Are you thinking of 'might do well' in a phrase such as 'You might do well to change your car insurance provider' ? If so, it's a phrase used when giving advice.
This is different from 'might as well'. 'Might as well' is often said with a literal or figurative shrugging of the shoulders, meaning 'It would be the same'. For example, if you are at the back of a long queue, and it's obvious that they'll have run out of tickets by the time you get to the front of the queue, you could say 'We might as well go home', meaning there's no point in staying. Whether you go home now or wait to be told that there are no tickets, the result will be the same - no tickets.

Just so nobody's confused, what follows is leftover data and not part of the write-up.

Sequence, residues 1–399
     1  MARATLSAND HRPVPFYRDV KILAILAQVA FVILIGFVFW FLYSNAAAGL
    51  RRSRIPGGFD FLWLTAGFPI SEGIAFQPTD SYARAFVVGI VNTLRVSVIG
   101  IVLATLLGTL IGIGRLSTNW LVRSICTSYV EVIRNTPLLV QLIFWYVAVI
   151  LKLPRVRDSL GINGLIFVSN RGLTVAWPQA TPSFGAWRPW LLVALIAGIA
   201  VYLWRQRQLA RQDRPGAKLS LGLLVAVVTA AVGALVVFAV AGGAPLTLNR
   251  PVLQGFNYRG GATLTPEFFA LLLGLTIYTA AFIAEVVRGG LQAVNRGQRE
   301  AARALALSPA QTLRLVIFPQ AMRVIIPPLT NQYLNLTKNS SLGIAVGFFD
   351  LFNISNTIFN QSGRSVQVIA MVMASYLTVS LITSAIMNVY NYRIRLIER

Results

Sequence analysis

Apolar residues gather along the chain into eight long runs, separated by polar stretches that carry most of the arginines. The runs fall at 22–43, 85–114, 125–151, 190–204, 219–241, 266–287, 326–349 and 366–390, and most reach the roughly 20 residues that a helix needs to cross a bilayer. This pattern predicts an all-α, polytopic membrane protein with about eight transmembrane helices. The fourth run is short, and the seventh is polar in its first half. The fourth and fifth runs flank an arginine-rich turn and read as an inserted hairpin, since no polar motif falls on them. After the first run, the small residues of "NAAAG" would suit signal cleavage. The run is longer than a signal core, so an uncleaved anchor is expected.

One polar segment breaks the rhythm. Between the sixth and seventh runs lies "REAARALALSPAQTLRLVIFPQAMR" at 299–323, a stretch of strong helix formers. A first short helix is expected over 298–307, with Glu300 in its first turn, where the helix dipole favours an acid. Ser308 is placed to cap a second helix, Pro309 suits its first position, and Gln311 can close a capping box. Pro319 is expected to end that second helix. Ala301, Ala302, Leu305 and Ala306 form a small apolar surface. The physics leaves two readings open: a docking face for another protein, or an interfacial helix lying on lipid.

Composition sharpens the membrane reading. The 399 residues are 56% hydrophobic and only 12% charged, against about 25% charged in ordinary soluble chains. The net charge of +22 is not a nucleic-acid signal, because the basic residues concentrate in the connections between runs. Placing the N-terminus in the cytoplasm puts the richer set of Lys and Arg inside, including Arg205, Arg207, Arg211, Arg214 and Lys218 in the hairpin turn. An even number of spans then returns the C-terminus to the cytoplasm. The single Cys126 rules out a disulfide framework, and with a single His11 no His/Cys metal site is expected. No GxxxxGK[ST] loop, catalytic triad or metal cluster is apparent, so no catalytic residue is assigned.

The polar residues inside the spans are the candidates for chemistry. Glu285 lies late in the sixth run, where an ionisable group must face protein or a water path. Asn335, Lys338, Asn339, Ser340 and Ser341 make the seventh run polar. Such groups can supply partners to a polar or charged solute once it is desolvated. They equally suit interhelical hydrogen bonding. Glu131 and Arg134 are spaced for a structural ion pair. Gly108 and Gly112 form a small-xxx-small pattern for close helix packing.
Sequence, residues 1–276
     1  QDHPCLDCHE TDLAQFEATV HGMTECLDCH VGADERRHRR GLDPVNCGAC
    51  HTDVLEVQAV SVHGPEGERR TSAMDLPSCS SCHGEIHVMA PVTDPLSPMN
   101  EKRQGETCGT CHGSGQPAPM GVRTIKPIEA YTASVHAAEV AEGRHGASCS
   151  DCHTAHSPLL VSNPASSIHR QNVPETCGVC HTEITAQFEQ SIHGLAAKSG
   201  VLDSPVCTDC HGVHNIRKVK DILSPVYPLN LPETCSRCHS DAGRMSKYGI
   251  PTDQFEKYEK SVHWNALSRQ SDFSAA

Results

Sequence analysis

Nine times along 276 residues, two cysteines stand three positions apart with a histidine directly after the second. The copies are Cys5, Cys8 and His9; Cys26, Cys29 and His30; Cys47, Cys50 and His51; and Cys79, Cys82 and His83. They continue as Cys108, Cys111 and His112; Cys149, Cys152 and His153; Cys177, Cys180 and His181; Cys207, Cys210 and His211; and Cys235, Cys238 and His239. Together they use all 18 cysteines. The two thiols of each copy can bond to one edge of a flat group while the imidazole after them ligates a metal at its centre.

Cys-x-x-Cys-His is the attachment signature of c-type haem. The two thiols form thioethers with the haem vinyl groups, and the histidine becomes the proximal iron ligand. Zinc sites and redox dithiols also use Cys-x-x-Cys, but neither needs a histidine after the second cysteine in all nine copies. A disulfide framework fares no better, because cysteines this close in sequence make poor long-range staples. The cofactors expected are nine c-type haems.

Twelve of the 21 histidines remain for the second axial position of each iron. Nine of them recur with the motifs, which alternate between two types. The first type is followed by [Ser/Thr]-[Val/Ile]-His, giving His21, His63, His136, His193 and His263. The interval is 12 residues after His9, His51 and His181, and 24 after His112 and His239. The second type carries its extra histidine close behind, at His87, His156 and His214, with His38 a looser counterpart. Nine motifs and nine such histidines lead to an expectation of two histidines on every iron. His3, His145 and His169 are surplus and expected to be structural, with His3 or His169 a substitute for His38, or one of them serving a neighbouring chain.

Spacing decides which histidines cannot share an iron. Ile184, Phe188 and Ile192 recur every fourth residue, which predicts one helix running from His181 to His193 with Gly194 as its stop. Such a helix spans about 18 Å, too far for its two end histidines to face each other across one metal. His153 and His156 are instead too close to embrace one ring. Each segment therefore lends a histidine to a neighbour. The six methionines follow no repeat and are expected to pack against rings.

Here's another example. There's something that you have been trying to keep secret, but you realise that this will soon no longer be a secret. In this situation, you could say to your friend, 'I might as well tell you this now, because soon everyone's going to know....'. This means that whether you tell your friend now or wait for him/her to hear it from somebody else, the result will be the same - he/she is going to find out about your secret.
So, going back to the original example, if you say 'You might do well to change your car insurance provider' it means that I think you ought to do this. Perhaps I think that they are poor value and you should change.
Someone could say 'You might as well change your car insurance provider' if you are planning to change your home and health insurance provider, and you think it would do no harm to change the car insurance provider as well. The implication here as that the two providers offer the same service but it would simply be easier to have all your insurance with one company. Here 'might as well' means 'Why not?'